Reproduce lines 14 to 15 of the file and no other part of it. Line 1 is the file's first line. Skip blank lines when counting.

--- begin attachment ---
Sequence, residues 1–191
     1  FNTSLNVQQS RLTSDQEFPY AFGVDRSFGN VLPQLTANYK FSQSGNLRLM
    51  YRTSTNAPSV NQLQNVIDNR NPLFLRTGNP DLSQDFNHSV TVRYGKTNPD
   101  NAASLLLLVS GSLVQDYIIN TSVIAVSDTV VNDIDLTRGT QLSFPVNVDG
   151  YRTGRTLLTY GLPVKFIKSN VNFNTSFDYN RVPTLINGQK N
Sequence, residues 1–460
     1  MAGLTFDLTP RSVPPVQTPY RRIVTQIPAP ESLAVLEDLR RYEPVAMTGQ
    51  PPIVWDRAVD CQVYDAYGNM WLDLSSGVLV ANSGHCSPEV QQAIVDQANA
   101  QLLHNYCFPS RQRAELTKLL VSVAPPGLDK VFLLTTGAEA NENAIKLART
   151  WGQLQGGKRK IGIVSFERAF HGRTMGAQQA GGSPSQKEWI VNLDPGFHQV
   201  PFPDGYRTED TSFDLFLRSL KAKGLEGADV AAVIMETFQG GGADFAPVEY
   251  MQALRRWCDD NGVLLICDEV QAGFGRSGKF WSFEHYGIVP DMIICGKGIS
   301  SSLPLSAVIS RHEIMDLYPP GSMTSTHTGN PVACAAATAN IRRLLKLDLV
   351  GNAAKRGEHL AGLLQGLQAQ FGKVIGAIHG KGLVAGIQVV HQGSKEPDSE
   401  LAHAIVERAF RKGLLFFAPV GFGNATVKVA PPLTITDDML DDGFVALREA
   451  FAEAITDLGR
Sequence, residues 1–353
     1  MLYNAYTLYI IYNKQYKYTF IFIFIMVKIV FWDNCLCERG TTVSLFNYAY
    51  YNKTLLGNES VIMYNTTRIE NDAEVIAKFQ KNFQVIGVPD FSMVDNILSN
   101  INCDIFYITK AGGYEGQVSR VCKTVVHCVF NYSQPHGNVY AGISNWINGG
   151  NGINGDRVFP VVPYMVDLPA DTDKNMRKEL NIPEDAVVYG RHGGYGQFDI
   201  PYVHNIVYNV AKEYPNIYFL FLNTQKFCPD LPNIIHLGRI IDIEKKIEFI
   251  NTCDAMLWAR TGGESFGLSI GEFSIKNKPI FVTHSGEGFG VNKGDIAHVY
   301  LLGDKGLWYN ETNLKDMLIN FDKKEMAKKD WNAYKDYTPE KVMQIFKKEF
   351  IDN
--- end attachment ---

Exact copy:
   351  GNAAKRGEHL AGLLQGLQAQ FGKVIGAIHG KGLVAGIQVV HQGSKEPDSE
   401  LAHAIVERAF RKGLLFFAPV GFGNATVKVA PPLTITDDML DDGFVALREA